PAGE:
In labor theory, no use value can be compared to another qualitatively different use value, because they are not commensurable — and this must be true even if one of the commodities in the exchange serves as the universally recognized money in the community.
Even if we concede to the value-form school that abstract labor requires a money, they still must explain how money, a concrete, particular use-value, accomplishes this. How does replacing all of the use-values on one side of the exchange equation with a single use-value solve the problem that concrete labor times of none of the use-values can be compared.
Information is embedded in relations, not commodities
Marx’s theory suggests the productive activities of commodity producers are being coordinated by information they do not themselves possess and which is not contained in the products of their activities. While this might seem bizarre, it is not. It is actually a principle found in quantum theory.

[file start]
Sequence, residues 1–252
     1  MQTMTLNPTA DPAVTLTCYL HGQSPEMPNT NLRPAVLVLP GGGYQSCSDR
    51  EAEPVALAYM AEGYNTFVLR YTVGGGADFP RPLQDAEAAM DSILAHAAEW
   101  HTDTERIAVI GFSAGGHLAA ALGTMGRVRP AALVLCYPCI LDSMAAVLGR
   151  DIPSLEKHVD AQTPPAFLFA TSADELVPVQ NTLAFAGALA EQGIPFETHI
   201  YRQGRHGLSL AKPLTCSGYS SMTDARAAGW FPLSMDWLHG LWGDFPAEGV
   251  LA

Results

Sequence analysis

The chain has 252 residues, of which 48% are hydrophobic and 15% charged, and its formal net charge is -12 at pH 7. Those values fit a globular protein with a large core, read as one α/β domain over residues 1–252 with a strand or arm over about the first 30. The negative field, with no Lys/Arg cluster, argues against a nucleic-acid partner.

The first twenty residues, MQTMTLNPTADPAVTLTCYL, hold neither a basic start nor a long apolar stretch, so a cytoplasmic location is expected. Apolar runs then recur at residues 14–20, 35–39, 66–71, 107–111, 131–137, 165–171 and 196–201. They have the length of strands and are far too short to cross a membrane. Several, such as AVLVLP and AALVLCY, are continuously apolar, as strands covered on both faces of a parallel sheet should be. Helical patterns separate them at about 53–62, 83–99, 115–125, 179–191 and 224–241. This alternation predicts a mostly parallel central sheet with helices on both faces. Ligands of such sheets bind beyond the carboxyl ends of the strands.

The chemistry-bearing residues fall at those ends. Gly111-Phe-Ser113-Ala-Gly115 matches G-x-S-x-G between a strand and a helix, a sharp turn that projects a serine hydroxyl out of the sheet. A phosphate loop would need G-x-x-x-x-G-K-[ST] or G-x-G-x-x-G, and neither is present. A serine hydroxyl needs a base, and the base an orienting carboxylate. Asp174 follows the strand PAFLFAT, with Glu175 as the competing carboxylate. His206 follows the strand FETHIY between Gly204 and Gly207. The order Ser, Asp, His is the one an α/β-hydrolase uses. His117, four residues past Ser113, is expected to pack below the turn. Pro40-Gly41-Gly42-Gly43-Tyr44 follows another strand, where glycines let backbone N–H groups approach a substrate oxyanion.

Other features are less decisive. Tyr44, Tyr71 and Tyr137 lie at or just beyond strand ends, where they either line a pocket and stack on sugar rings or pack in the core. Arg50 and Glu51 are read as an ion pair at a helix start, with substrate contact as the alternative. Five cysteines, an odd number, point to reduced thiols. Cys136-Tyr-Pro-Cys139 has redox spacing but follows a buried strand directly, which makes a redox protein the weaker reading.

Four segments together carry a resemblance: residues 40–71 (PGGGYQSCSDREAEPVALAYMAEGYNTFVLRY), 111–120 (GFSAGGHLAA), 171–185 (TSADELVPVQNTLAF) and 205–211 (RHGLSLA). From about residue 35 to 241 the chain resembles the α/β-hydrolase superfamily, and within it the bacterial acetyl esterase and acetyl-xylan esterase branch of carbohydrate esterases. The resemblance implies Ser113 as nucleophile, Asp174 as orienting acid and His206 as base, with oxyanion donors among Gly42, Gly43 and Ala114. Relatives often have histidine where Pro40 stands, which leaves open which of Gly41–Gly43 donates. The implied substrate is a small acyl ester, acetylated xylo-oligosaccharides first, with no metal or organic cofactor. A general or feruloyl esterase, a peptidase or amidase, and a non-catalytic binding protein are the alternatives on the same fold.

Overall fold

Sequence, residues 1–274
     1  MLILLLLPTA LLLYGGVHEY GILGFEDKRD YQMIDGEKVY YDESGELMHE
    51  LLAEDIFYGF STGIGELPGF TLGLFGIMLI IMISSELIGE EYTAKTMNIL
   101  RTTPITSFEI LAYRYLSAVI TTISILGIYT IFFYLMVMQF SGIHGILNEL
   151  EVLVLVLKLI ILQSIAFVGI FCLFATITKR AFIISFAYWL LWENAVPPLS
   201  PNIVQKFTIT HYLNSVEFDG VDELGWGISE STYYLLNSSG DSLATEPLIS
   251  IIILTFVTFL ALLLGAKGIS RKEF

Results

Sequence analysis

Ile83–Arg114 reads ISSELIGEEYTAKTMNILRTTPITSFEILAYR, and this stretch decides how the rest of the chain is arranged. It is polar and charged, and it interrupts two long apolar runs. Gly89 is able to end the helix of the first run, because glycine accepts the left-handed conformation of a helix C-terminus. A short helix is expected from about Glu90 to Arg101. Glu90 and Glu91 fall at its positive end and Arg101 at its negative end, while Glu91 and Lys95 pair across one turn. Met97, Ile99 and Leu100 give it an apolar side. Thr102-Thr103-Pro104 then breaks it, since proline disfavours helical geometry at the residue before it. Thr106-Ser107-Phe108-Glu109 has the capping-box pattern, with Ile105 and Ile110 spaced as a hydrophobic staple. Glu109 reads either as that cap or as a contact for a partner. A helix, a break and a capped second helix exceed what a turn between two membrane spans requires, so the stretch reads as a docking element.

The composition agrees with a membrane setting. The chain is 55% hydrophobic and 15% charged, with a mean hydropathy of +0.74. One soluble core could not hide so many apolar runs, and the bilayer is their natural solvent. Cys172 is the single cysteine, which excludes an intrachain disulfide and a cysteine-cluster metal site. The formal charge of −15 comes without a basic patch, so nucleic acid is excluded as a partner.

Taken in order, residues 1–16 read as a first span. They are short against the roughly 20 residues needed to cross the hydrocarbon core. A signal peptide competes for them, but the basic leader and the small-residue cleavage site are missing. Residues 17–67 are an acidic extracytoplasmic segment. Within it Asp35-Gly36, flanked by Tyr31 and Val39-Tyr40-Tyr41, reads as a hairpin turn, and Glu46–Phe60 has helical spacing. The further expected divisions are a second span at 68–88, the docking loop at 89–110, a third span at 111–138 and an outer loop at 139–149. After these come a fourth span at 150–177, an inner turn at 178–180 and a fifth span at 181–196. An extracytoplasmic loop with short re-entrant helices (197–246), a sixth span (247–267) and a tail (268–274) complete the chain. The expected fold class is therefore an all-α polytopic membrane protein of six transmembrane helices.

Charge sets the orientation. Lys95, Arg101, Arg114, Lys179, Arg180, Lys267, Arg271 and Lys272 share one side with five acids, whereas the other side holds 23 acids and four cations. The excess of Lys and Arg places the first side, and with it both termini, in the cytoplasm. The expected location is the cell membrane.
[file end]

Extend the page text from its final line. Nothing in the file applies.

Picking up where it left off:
According to The Complete Idiot’s Guide to String Theory:
“Objects can become coordinated and only then acquire specific properties. … relationships between objects can embody information that the individual objects do not.”
While various prequantum theories assumed the state of a particle was determined by its specific properties, quantum theory shows this is not true. In quantum theory, the behavior of a particle is coordinated with the behavior of other particles first and only later does the particle acquire the specific property.
This is exactly the process labor theory proposes for the emergence of value: Producers enter into material relations of cooperation first, and the products of their labor only later comes to express those relations of dependence. Contrary to the argument of the value-form school, it is not money that makes value possible, but the pre-existing productive cooperation of producers of commodities that makes money necessary.
Since the problem identified by Marx at the outset is the lack of conscious organization of social production, this cannot be fixed by money. Money itself is only the visible expression of the lack of conscious organization of social production.